The House Capital Markets and GSE subcommittee late Tuesday advanced a bill to create a U.S. covered bond market but major issues need to be worked out first before the measure is ready for a full committee markup.
The bill (H.R. 940) sponsored by subcommittee chairman Scott Garrett, R-N.J., would establish the regulatory framework for Federal Deposit Insurance Corp. (FDIC)-insured banks to issue covered bonds that are collateralized by mortgages and other assets.
The mortgages would remain on the bank's balance sheet with investors taking on the interest rate risk. However, covered bonds are over-collateralized, which has raised concerns at the FDIC.
At Tuesday's markup, Rep. Maxine Waters, D-Calif., said she is prepared to offer five amendments that address FDIC's concerns, including one that would limit over-collateralization.
Another amendment would cap the amount of covered bonds one bank can issue.
Waters agreed to withdraw the amendments after Garrett pledged to work with the congresswoman on addressing FDIC's concerns prior to any full committee markup.
The subcommittee approved the covered bond bill by a voice vote. "I'm pleased to see the covered bonds bill received such wide bipartisan support," Garrett said.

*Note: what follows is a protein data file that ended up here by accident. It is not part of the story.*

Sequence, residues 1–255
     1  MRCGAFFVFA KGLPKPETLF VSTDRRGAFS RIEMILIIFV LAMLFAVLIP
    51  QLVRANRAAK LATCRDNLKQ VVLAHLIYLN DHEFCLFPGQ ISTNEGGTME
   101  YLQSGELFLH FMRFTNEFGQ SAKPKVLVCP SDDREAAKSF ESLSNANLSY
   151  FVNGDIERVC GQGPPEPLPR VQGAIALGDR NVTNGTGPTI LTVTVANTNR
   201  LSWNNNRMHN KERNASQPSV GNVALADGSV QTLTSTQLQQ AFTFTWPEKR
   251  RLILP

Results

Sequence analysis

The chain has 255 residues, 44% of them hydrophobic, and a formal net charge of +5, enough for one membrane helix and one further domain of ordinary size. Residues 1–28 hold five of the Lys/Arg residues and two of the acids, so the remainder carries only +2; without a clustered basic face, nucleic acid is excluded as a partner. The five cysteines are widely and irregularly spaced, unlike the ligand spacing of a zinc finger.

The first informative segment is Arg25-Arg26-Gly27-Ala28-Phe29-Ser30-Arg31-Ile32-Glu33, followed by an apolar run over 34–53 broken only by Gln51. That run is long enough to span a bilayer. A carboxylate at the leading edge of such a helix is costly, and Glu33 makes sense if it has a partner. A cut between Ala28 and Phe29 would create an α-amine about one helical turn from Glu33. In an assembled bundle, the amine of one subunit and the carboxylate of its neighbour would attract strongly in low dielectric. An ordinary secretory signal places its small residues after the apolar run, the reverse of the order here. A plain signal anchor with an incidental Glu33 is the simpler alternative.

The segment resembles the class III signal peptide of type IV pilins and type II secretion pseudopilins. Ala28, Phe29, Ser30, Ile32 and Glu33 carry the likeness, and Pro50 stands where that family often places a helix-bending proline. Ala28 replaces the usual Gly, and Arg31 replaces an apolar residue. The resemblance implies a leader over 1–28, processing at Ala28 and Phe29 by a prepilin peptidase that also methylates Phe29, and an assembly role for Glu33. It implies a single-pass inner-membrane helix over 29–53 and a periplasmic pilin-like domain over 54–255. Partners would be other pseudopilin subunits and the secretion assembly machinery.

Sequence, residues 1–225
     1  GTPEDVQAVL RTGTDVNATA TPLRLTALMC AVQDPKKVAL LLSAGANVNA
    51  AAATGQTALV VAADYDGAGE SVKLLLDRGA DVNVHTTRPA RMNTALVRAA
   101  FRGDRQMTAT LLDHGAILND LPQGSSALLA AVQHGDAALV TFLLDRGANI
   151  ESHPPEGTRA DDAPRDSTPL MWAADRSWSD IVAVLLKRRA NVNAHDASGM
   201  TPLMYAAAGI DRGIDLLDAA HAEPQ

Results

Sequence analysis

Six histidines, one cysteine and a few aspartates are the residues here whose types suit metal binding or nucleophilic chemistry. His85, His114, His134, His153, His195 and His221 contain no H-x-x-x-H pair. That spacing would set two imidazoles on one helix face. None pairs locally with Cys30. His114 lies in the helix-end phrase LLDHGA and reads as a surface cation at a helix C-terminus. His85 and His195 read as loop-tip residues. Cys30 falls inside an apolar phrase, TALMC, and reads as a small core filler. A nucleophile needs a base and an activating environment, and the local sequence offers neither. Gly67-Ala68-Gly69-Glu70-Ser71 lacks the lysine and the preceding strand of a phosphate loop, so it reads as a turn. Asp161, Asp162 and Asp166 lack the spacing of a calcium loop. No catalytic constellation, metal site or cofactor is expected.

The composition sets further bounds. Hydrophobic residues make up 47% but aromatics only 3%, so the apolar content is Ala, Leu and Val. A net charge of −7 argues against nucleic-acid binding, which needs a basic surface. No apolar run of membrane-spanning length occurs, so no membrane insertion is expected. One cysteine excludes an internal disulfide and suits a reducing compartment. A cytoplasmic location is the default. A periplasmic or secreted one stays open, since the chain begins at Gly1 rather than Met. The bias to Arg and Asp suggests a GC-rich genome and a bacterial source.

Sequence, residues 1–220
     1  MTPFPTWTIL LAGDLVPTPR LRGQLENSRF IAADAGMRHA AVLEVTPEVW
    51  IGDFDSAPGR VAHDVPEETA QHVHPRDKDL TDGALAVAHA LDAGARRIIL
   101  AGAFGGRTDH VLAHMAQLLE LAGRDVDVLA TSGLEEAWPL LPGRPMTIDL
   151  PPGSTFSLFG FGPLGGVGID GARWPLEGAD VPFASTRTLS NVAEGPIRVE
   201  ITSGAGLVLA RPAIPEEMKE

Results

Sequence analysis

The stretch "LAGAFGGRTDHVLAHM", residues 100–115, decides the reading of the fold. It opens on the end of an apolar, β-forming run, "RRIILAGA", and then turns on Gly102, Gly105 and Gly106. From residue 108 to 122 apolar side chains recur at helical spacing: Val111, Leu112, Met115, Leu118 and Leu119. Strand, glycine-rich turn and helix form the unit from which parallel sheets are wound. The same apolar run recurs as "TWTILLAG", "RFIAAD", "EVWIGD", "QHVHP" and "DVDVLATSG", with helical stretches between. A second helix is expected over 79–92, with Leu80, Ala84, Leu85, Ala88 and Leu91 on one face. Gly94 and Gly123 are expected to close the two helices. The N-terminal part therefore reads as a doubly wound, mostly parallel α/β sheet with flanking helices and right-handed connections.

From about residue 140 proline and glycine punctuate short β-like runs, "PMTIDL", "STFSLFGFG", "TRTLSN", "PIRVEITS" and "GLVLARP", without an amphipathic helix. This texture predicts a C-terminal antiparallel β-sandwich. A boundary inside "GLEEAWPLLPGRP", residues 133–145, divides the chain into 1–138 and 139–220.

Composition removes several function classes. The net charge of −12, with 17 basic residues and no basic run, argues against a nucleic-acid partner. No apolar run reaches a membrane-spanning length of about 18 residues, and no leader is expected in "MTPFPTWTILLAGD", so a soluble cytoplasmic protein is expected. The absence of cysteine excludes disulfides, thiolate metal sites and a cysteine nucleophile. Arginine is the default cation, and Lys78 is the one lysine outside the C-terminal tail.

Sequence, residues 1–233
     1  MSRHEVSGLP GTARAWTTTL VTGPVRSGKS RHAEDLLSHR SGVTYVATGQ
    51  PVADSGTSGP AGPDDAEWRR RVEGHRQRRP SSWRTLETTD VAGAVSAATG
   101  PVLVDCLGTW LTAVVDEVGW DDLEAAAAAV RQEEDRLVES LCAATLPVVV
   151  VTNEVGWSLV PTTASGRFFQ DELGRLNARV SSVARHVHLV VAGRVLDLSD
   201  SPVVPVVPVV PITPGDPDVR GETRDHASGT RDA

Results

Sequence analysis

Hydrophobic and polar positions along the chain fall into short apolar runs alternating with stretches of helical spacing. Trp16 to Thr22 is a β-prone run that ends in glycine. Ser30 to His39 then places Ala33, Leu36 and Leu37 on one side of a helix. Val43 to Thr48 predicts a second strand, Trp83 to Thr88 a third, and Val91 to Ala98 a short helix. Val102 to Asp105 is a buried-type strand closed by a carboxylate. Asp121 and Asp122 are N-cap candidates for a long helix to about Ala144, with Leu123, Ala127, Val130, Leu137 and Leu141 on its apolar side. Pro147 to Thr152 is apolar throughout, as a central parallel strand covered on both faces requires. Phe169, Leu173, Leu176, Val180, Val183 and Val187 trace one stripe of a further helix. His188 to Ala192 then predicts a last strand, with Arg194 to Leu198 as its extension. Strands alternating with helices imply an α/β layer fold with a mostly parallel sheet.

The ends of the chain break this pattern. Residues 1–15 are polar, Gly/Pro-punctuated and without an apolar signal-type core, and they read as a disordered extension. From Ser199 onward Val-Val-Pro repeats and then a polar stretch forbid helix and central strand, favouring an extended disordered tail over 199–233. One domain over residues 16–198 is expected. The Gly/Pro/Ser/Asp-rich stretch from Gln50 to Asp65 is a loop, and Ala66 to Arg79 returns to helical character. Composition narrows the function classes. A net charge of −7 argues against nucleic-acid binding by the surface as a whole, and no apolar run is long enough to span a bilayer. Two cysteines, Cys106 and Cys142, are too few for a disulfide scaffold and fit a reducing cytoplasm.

Banking consultant Bert Ely said told National Mortgage News that, “There are still a lot of unresolved issues" that could delay further legislative action.
A proponent of covered bonds, Ely contends FDIC's concerns about this alterative to issuing MBS are "misplaced and reflect a fundamental misunderstanding of covered bonds.”
He notes that FDIC will be adequately compensated for the risk because the regulator currently levies assessments on secured borrowings such as covered bonds and Federal Home Loan Bank advances.
In other words, banks would "pay deposit insurance premiums on covered bonds they issue even though the bonds are not FDIC insured," Ely said in editorial published by the American Banker.